The legendary Italian composer Giovanni Battista Pergolesi was born 300 years ago, in 1710. To mark the anniversary, Naïve re-issues three renowned recordings to feature his choral music, in a specially-priced box set, headed by the Gramophone award-winning version of his Stabat Mater by Rinaldo Alessandrini and Concerto Italiano, considered one of the best ever recorded…
Also featured in the bargain “3 for the price of 1” set are other short pieces by Pergolesi, plus more by Alessandro Scarlatti and Leonardo Leo.
Three contrasting versions of the 'Stabat Mater', all most attractive and all composed within 20 years, in the second half of the 18th century. These excellent performances under Daniel Cuiller's direction are also all first recordings - and for Abos and Gasparini, first entries in the CD catalogue. An enterprising release, of great interest.
Jochen Kowalski is one of the most charismatic and successful male altos of our time and has built up an unusually and wide-ranging and extensive repertoire. It is the dramatic quality of his voice which makes it special.
Giovanni Gualberto Brunetti (1706 - 1787) lived a large part of his life in Pisa, Italy, where he was director of music of the cathedral. Though he composed operas as well as other works he composed mainly for the church. According to the musicologist Paolo Peretti his Stabat Mater was more or less copied , in 1825, by Antonio Brunetti, probably a nephew of his, who changed some things, replaced three sections by his own and sold it as his own work: "Stabat Mater all'imitazione del'esimio Sig.Pergolesi". From this we might conclude that in fact Giovanni Gualberto himself had already made an imitation of Pergolesi's. Especially the first four parts have indeed a strong resemblance. Nevertheless, though Giovanni took Pergolesi's as an example, his contribution to the music is such, that it surely can be regarded as a work of his own. In this respect it is interesting too, to notice that he used a different text than Pergolesi.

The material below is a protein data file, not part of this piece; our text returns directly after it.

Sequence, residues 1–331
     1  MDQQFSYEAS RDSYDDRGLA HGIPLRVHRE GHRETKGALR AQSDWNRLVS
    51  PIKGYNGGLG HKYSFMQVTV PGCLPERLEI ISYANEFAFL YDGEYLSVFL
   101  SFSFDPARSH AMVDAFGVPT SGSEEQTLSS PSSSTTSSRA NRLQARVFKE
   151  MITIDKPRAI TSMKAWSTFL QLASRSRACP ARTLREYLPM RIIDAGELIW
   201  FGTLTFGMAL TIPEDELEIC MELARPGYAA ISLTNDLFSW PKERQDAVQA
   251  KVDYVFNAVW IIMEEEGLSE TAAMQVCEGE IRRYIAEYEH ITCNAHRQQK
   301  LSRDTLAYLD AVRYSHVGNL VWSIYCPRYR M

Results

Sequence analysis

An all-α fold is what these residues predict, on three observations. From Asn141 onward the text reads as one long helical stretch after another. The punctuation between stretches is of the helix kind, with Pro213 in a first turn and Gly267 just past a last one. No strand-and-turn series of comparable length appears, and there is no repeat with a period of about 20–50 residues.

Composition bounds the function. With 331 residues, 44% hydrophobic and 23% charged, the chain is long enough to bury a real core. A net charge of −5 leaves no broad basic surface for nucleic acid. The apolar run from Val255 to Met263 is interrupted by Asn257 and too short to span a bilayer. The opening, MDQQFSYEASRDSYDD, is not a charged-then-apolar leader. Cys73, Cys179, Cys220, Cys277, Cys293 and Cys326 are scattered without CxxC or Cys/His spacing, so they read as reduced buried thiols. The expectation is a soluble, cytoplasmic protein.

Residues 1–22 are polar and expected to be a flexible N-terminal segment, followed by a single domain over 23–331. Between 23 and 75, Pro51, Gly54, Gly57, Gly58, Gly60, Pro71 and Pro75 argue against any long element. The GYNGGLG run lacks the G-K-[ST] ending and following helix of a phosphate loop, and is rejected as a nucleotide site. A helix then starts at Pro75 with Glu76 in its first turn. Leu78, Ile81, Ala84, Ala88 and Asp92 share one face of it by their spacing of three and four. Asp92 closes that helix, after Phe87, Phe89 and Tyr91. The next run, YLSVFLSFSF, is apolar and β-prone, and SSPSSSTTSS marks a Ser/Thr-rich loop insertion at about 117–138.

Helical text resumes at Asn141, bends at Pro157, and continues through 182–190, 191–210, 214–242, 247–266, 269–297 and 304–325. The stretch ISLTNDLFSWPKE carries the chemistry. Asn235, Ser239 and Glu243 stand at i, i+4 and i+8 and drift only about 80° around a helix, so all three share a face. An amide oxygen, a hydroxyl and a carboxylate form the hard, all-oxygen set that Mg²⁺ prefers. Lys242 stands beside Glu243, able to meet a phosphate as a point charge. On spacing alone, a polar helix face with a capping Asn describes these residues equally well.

Boccherini wrote very little vocal music; however he left two settings of the Stabat mater. It was first set in 1781 for solo soprano and strings and then in 1800 for two sopranos and tenor, obviously influenced by the hugely-popular Pergolesi Stabat mater of 1736. There are many similarities in the notation and harmony—even the same key of F minor is used. The writing is of extraordinary individuality and seems to come straight from the heart. This unjustly neglected piece is surely one of the most remarkable sacred compostions of the era.
Emanuele d'Astorga was one of the most colourful figures in early eighteenth-century music and his life has often been the subject of legend rather than fact (brief details of which can be discovered in Robert King's illuminating booklet notes). During his life, Astorga was best known for his well-written and tuneful chamber cantatas (of which more than 150 survive) and his opera Dafni (only Act 1 now survives). But by far his most enduring work has proved to be this setting of the Stabat mater, his only surviving sacred composition. Throughout it we hear Astorga's gift for writing warm melodies, typical of the Neapolitan style of the time, and how he captures the melancholy of this most desolate of sacred texts.